ForeSee Results (a leader in online customer satisfaction measurement) released a study last spring that examined nonprofit websites and concluded that websites are an essential area of focus for nonprofits during difficult financial times. The report states, "It is essential, now more than ever, to gain intelligence on how to use the website to its fullest potential as a way to reduce costs, generate donations and revenue, and build membership, loyalty, and positive word-of-mouth. "
It goes on to say, "Even though nonprofits don’t have the same resources to invest in their websites as private sector companies, unfortunately, they are judged by the same standards."
We agree. Your website has to compete side by side with "the best of the best". What can you do about it? Here are the key findings from that report.
- Nonprofits have plenty of room for improvement when it comes to online customer satisfaction. On the 100-point scale used for the study, the average nonprofit website scores a 73. The threshold for excellence in website satisfaction is generally considered to be 80. Even though nonprofits don’t have the same resources to invest in their websites as private sector companies,unfortunately, they are judged by the same standards. Therefore, it’s crucial that nonprofits understand how to allocate resources by investing in the areas of their websites that will increase satisfaction and make visitors more likely to donate, volunteer, recommend, etc.
- Satisfaction is predictive of future behaviors important to nonprofits. A highly satisfied visitor to a nonprofit website is:
- 49% more likely to donate
- 38% more likely to volunteer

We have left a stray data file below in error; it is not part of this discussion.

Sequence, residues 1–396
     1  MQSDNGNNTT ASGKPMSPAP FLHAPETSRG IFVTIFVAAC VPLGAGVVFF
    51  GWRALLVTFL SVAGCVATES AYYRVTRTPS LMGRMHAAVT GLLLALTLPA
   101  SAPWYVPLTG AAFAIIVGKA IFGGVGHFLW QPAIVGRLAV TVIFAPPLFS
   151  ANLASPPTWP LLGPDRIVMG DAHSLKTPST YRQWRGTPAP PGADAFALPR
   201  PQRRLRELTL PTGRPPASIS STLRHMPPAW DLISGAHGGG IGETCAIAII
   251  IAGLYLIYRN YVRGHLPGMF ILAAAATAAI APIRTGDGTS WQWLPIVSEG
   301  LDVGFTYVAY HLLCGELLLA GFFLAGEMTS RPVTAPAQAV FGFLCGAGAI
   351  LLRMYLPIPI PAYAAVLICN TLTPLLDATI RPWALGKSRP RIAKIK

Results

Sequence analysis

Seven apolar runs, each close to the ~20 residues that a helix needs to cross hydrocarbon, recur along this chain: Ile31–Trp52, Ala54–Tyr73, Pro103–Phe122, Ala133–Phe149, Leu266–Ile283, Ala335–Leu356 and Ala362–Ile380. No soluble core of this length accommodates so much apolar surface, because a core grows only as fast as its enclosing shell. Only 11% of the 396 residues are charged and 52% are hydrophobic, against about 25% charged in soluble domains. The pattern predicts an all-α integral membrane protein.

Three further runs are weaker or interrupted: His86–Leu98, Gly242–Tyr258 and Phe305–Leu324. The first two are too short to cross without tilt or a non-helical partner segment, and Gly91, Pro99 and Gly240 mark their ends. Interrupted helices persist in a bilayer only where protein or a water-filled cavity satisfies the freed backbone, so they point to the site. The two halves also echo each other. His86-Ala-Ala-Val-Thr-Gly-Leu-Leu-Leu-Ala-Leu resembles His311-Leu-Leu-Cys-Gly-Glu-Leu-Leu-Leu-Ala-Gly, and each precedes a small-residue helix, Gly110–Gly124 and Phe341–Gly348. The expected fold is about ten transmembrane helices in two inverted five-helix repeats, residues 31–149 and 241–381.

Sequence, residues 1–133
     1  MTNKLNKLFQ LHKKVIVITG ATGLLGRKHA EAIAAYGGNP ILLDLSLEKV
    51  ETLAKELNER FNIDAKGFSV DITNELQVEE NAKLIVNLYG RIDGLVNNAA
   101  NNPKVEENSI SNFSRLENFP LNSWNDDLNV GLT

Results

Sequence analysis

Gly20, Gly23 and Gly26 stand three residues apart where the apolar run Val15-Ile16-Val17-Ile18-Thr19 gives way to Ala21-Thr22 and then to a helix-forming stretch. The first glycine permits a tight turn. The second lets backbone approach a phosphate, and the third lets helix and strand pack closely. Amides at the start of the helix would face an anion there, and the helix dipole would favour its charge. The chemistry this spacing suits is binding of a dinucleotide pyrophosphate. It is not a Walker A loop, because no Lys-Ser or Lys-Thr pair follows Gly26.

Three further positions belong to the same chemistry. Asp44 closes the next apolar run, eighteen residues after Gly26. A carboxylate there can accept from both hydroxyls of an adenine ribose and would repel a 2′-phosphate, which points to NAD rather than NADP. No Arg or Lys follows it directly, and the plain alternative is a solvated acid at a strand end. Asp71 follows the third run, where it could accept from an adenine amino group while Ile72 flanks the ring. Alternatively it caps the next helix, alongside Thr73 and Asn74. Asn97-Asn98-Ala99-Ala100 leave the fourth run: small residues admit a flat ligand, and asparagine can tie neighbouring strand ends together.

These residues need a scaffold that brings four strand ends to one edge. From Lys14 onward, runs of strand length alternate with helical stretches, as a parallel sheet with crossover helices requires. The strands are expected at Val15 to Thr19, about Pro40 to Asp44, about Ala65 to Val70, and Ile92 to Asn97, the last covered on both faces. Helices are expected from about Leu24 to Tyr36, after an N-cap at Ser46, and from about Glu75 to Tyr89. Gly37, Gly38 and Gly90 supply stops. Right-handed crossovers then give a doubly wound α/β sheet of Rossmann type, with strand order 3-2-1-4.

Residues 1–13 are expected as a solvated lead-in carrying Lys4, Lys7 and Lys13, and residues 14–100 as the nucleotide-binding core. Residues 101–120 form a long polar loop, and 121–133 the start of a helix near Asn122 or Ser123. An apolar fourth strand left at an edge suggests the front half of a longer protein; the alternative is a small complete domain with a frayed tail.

- 57% more likely to have a favorable overall impression of the organization
- 65% more likely to recommend the site to others
- 55% more likely to return to the site
- Key areas of improvement for nonprofit websites, in general, are sites’ functionality and the expression of the organization’s image online. In general, the areas that will have the greatest impact on visitors’ likelihood to donate, volunteer, recommend, and return are site functionality (the usefulness, variety, and convenience of features on the site) and image (how well the website reflects the organization’s image). These two factors were more impactful in driving website satisfaction than sites’ content, navigation options, or look and feel.
- Nonprofits need to encourage more people to donate online instead of through other channels. Site visitors who donate online are more likely to donate, period. Making it easy for visitors to donate online is critical to growing the pool of repeat donors. In addition, nonprofits will see more of the money if donations are made through the more cost-effective web channel.
- Site visitors value online information and donation capability. The top two reasons people visit nonprofit sites are: news and events (40%) and to stay informed about the cause the organization addresses (40%). Almost one in five (18%) website visitors are there specifically to make a financial contribution.
- People listen to outside sources. Almost one in five who visited a nonprofit site found out about the organization through word-of-mouth, and visitors who found the site through the media or a news story were the most likely to donate.
- The election year had a very small impact on donations to nonprofits. Only 3% of all respondents said that political donations reduced the amount they donated to other organizations in 2008